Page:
Ok – you’ve heard it before, but this time it’s for real. We’ve bought our tickets, we’re booking hotels in Manhattan, we’re having our photos taken for a brochure – with happy smiling faces! (Smiles, but not grins – we can compete on creativity but not on dental work).
Yes, around 30 individuals from 25 UK companies are coming to the KidScreen Summit. We are UK@Kidscreen 2012 – the official British delegation.
I’m one of the UK delegation “tour guides” – the other is Sarah Baynes at the Creative Garden. If you’re going to Kidscreen and there’s anything we can do to help you meet UK companies who can help you with your business please let us know. We have some tables booked in the Delegate Lounge at the Hilton, so meeting is easy. Contact us at: firstname.lastname@example.org
What struck me as we put the delegation together is the range of businesses involved. Of course you’d expect small and medium sized TV and animation production houses – but there’s also a channels operator, interactive specialists, an animation software provider, a research and digital marketing agency, a music rights company and more than one agency dedicated to providing the entire transmedia proposition for clients’ brands. It reflects the pan-sector engagement we experience at The Children’s Media Conference (CMC) in the UK, and it’s very much the way the industry is moving – cross-platform distribution, leading to cross-sector partnerships or knowledge exchange.
Whatever their area of expertise, the UK delegation is a talented, dedicated and driven bunch of people who are well worth “30 minutes with”. Take a look at their profiles and take your pick!
Impossible Kids is sponsoring the delegation and UK Trade and Investment is in support. UKTI is an agency that provides support for companies looking to inward-invest in Britain as well as helping exporters, like our delegation, so they’re also worth contacting. Richard Powell in the New York office has been a great help to us and could help you.
KidScreen have also been incredibly supportive. At the CMC we know what it takes to put together a big event so we’re full of admiration for the organisers.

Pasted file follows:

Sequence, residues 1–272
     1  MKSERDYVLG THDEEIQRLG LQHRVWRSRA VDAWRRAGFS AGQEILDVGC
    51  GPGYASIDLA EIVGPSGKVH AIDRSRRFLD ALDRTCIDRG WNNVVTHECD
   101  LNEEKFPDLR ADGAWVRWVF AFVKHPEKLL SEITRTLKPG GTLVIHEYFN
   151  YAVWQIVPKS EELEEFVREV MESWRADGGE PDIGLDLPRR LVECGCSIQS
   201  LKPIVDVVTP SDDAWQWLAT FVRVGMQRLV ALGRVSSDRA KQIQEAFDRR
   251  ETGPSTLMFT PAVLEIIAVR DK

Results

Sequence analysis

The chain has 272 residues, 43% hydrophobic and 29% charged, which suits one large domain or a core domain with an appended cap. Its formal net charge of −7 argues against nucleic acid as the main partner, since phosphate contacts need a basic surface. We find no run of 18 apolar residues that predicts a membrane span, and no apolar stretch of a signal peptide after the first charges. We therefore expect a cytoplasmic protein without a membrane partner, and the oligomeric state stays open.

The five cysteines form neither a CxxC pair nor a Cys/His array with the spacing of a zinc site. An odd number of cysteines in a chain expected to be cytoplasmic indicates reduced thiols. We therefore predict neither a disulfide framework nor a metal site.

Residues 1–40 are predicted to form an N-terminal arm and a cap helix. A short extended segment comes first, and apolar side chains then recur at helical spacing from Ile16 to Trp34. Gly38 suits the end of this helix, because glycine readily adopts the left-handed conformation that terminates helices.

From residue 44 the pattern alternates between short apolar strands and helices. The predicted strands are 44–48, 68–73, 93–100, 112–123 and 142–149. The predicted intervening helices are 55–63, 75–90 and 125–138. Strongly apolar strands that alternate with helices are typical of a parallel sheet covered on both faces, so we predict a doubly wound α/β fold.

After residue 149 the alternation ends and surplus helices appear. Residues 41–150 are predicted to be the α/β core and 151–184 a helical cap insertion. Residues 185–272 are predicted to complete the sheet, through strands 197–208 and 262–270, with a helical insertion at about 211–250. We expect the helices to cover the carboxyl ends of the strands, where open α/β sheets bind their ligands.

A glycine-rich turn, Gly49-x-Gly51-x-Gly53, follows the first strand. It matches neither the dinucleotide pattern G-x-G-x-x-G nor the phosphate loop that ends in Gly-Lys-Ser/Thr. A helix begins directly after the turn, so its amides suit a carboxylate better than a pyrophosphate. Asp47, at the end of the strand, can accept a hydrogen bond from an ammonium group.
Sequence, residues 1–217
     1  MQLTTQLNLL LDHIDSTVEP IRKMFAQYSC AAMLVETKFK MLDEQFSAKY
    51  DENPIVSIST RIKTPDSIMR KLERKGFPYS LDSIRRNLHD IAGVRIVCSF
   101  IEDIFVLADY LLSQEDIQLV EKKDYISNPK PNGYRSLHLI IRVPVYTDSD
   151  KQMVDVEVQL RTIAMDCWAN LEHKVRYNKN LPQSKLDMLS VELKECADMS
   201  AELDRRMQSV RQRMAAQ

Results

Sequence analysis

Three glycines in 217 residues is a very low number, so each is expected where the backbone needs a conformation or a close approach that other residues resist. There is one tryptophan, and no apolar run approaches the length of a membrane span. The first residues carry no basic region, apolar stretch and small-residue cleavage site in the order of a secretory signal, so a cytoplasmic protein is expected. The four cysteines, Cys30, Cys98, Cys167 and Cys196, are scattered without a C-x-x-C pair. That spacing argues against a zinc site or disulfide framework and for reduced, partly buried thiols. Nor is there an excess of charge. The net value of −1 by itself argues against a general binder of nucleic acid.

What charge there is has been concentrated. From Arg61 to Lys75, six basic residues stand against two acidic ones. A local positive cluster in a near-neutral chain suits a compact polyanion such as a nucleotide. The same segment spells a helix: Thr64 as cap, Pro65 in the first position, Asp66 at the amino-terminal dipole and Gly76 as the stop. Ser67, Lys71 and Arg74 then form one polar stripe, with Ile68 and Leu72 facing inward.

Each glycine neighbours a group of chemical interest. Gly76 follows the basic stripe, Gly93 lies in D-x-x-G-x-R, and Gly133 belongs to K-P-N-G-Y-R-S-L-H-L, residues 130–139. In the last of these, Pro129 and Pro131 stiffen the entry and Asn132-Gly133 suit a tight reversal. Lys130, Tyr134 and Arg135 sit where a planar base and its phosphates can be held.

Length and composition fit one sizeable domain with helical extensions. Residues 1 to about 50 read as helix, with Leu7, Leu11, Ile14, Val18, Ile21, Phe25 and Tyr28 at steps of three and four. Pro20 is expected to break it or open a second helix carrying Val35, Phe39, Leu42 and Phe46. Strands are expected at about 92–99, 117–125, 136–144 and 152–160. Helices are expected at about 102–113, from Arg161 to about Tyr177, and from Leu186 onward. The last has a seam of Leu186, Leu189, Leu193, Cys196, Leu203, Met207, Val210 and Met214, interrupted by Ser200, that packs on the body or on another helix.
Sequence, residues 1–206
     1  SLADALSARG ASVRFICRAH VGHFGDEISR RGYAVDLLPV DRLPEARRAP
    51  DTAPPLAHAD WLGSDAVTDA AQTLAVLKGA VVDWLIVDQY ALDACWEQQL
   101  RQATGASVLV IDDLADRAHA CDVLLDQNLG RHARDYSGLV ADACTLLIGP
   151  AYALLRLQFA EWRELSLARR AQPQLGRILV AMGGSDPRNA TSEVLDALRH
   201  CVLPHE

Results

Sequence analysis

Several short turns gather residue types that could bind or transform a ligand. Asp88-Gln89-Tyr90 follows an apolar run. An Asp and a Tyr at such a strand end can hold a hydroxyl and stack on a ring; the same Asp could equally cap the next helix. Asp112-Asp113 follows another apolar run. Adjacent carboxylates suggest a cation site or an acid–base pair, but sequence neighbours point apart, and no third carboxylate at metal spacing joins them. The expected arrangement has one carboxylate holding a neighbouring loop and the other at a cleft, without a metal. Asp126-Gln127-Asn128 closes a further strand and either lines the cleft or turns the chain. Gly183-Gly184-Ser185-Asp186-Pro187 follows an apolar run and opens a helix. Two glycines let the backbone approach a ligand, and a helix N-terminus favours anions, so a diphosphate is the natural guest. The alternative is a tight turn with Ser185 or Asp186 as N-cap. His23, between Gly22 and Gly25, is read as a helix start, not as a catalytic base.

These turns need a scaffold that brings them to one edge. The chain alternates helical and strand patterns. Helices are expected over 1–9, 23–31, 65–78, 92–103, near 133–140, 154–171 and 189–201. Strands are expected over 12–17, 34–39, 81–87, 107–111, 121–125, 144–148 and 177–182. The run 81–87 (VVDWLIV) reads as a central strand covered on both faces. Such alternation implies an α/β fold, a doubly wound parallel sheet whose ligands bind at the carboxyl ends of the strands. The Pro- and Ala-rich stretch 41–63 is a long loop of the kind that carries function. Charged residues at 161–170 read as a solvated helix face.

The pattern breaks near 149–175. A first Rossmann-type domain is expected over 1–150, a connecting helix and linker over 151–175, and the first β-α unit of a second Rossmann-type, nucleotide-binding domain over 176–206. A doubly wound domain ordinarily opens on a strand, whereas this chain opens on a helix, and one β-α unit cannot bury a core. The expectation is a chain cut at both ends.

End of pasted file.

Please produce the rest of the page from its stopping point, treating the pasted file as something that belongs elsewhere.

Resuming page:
We are hoping to bring the special CMC vibe with us to New York. We pride ourselves in creating an open and collaborative atmosphere – with plenty of opportunities to share learning and build partnerships. We welcome participants from just about every part of the industry (most recently the theatre, museums and galleries community got involved) so the opportunities are wide. But of course everyone’s in competition – the broadcasters for audience, the producers for commissions, the agencies for clients, the writers for jobs. At the CMC we try to make that take a back seat. There’s a sense that comparing creative notes, sharing best business practice, discussing the issues, and generally focusing on the audience is time well-spent. People are genuinely open, informative and collaborative. I hope the UK@Kidscreen delegation can offer this too.
This “collaboration capacity” has a couple of roots. One is a long-standing tendency to “huddle for warmth” in the face of the adult media sector’s power and influence. The other is the shared focus on an audience not just as customers or consumers, but also “in our care”. It’s a unique relationship and I believe it leads us to a common understanding beyond anything you might experience in any other media sector.
That’s why events like the CMC and KidScreen are so successful. Despite the variety of aims and aspirations, there is one strong focus – doing the best for kids. And in the end, as Gerry Laybourne once said, “what’s good for kids is good for business”.
So the British are coming. And it’s not just “Chariots of Fire” – it’s the real deal. With the Olympics in London this summer, the eyes of the world will be on the UK. Britain has an amazing track record in kids’ content – particularly for preschoolers. “Team GB” will be carrying that creative flame to KidScreen with some fantastic ideas and outstanding service offers, and they’re fit and ready to partner internationally to get projects “off the starting blocks” and onto the winners’ podium.
Talk to us – you could be going for Gold!
(Do I get at least a bronze medal for that little-known Olympic discipline, metaphor-stretching?)